A painful sciatic nerve can be a real misery to deal with, since this structure is directly responsible for providing sensory and motor abilities for almost the entire lower body region. Sciatic nerve pain can be widespread, all-consuming and extremely functionally limiting for any affected patient.
This essay will provide the reasons which might explain a variety of sciatic nerve symptoms. We will also provide clarification of some misconceptions about the sciatic nerve.
Many patients are under the impression that their sciatica is caused by a pinched sciatic nerve. The sciatic nerve can be pinched during some muscular issues, such as piriformis syndrome, but can not ever be compressed by a spinal source, such as a herniated disc. This is because the sciatic nerve does not even extend up the body high enough to meet the spine at all.
When a doctor makes the over simplified diagnosis of a disc or bone spur pinching the sciatic nerve, what they actually mean to say is that one of the spinal nerve roots, which eventually meet to form the sciatic nerve, is impinged upon. They do not mean that the disc or bone spur pinches the sciatic nerve itself, since this is anatomically impossible.
Spinal pinched nerves account for many cases of acute and chronic sciatica symptoms. However, most of the structural issues will resolve on their own or with appropriate medical treatment.
Non-spinal structural issues, such as sacroiliac joint pain or piriformis pain also make up a considerable percentage of sciatic sufferers. However, some of the more common causes of chronic sciatica syndromes, include many nonstructural processes. These causations are not always factored into the mix by some doctors or complementary care providers, so it is up to the patient to remember that not all sciatica is structurally-motivated.
The usual nonstructural causes
of sciatic nerve pain may include diabetic and other peripheral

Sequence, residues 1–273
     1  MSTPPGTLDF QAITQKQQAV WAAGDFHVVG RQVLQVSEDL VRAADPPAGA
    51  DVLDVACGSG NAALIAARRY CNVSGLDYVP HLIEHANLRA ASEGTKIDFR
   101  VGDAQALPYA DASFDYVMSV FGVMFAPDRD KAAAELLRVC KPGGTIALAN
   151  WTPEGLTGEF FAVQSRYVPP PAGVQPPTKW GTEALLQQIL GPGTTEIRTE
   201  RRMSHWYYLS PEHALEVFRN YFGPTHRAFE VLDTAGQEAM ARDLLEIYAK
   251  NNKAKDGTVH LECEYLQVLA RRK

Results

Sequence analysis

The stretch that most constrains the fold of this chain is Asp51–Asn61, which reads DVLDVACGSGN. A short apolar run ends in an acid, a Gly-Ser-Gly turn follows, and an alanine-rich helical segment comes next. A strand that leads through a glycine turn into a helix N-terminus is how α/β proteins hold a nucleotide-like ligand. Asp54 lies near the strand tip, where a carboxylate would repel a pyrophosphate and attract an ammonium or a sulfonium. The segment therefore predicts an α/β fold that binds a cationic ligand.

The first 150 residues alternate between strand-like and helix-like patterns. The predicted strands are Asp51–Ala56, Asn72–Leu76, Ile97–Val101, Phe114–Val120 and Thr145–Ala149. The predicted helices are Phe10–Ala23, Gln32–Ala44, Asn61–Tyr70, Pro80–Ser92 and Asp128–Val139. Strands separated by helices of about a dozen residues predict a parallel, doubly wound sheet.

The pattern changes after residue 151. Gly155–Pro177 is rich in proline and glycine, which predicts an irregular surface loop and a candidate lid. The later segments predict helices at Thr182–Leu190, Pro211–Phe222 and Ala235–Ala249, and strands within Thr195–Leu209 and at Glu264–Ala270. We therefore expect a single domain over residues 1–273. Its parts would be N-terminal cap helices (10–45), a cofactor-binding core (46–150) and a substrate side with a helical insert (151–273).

neuralgias, muscular concerns such as imbalances, leg length
discrepancies, vascular concerns, tumors and regional
Neurological oxygen deprivation is a very painful event to endure and may continue unchecked for many years. This is especially true for ischemia enacted by a psychosomatic process. This type of subtle emotional causation is rarely correctly diagnosed and typically sets the stage for a plethora of unsuccessful treatment attempts.
I have suffered terribly with a variety of back pain conditions, including variable sciatica, for decades. I did everything possible to treat these oppressive tormentors, but had no success in beating my pain. I was ready to give up and really thought long and hard about undergoing sciatica surgery in the hopes of resolving the issues I originally embraced as being causative.
This was when I finally came across the work of Dr. John Sarno and found his ideas to be both highly logical and deeply personally applicable to my own story. I tried his approach and found it to be the best medical method I had ever seen. My pain disappeared quickly and remained absent for years.
My point is a simple one. Please, do not follow my lead in waiting for too long to get more involved in your own care. Do not wait to ask questions. If you do, you will surely follow my lead in suffering for what seems like an eternity and might even succumb to unnecessary surgical barbarism. Learning the true objective facts about sciatica is a good place to begin.